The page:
Archive: Repeat after me (Artist Statement)

Arts Commons, Macalester College, April 2019
| Durational performance and installation


Academia has given me the ability to articulate and think critically, but it has also dislocated me from my mother tongue and my roots.

Using papers that I have accumulated from classes at Macalester, this installation represents a body of knowledge that engulfs the viewer. The crumpled papers signal a sense of ambivalence. At the same time, their biomorphic shapes reveal the vitality of the information that academia often ‘flattens.’ The installation enlarges over time, becoming increasingly alive yet flimsy. It evokes anxiety and fragility, reflecting my fragmentation within English-speaking, West-located academic training. The performance relates the corporeal body with academia, exposing the jarring and violent disjunction that takes place in academic institutions. Repetitive motions of learning lead to embodiment, then produces violence on the body itself.

Even though the installation was ‘destroyed’ after my performance, though the week-long process of building the ‘sculpture’ was a durational performance itself, the aftermath of this experiment feels intriguing. The scene evokes questions such as: what happens to this body of knowledge post-academia? Who is accountable for it, now that the body has physically left and the marks it inflicted remain? The exposure of tape pieces reveals, or rather, refuses to conceal, the artificiality of the sculpture. They are indeed just papers. I am interested in this dissonance: the journey of the papers from being endowed with meaning to mere material objects. The papers, my body, and academia are all subject to this questionable paradox between intellectual value and materiality. The biggest failure of academia is its inability to reconcile this paradox.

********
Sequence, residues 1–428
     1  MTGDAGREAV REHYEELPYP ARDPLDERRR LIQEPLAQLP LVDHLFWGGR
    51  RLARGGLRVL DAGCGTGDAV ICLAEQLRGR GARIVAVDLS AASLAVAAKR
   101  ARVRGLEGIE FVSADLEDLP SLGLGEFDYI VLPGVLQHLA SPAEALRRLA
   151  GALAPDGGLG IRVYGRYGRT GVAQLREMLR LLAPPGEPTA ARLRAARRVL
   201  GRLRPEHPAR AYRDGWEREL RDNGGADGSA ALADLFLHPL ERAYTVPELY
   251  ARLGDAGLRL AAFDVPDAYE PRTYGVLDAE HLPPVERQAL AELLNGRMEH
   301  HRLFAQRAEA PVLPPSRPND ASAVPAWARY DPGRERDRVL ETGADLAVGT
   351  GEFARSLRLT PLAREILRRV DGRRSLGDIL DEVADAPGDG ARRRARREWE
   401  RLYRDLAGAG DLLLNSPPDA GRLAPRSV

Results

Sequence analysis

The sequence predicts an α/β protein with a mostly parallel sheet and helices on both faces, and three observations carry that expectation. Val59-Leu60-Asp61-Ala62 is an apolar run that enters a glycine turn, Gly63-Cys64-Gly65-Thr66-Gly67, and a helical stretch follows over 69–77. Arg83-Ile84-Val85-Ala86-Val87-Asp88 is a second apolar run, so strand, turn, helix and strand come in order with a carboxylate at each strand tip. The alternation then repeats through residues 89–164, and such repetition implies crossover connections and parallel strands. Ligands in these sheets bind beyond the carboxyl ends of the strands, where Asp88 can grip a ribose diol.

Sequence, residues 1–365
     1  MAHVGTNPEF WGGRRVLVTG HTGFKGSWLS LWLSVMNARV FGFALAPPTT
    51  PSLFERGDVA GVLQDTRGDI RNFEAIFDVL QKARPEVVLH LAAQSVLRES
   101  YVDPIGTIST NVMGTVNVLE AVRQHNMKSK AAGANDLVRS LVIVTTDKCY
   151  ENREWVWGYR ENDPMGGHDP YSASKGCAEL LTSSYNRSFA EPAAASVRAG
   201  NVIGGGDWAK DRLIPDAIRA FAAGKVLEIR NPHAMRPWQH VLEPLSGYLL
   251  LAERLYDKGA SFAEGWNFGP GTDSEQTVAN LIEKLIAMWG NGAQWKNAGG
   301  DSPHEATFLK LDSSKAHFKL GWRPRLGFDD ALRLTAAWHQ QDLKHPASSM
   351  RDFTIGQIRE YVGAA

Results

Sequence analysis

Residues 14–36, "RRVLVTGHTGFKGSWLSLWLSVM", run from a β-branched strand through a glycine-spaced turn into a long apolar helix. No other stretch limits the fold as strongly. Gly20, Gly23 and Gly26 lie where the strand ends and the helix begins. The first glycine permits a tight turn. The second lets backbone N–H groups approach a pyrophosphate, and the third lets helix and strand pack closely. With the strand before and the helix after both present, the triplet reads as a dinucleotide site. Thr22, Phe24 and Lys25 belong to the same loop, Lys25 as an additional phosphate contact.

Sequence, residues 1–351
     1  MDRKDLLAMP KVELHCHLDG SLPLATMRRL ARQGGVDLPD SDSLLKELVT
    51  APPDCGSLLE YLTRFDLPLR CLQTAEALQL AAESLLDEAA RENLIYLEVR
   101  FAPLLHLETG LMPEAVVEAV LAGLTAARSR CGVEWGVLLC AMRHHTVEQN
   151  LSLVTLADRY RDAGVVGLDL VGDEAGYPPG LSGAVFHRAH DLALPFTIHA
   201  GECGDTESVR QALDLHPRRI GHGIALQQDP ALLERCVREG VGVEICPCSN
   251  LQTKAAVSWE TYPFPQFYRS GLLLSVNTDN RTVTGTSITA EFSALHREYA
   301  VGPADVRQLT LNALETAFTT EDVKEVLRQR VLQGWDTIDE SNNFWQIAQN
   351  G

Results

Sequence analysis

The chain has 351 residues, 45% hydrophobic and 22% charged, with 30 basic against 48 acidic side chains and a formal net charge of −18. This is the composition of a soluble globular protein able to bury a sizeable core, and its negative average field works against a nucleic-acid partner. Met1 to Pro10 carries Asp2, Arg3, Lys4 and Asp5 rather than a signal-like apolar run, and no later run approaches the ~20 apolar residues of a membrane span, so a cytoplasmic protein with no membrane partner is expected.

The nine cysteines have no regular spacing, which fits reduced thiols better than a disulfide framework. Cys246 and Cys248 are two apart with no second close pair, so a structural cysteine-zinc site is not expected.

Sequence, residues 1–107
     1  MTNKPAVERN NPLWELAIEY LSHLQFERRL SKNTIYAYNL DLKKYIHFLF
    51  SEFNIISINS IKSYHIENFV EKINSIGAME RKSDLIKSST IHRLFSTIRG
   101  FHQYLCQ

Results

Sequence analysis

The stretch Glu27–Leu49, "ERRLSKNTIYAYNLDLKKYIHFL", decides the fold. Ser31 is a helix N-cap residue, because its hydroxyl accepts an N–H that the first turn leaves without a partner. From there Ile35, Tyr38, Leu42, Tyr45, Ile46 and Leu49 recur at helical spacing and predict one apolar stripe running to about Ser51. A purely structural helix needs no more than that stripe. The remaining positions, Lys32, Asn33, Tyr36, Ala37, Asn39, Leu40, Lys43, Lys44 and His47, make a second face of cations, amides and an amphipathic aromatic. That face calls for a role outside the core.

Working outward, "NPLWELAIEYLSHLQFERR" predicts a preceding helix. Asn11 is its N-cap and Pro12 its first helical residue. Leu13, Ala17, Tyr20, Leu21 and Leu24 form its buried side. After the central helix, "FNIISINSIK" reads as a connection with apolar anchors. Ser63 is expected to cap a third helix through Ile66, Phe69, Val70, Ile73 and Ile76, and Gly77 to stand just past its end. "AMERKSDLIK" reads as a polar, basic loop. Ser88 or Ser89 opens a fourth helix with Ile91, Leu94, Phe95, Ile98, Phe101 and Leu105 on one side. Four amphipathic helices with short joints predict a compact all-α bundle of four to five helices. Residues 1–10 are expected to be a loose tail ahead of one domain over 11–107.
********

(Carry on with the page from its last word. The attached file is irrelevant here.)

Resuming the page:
Now, repeat after me:*

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Henry Louis Gates Jr. “ ‘Authenticity,’ or the Lesson of Little Tree,” New York Times Book Review, November 24, 1991: 1, 26-30.

José Limón “Representation, Ethnicity, and the Precursory Ethnography.” In Recapturing Anthropology: Working in the Present, ed. Richard G. Fox. Santa Fe: School of American Research Press, 1991. 115-135.

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Magretta, Joan “Fast, Global, and Entrepreneurial: Supply Chain Management, Hong Kong Style: An Interview with Victor Fung.”

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Carlson, Dennis. “Stories of Colonial and Postcolonial Education.”

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Mohanty, Satya. “Drawing the Color Line.”

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Fanon, Frantz. Black Skin, White Masks. Grove Press, 2008.

Gordimer, Nadine. July’s People. Penguin 1982.

Smith, Zadie. On Beauty. Penguin 2007

…and more…


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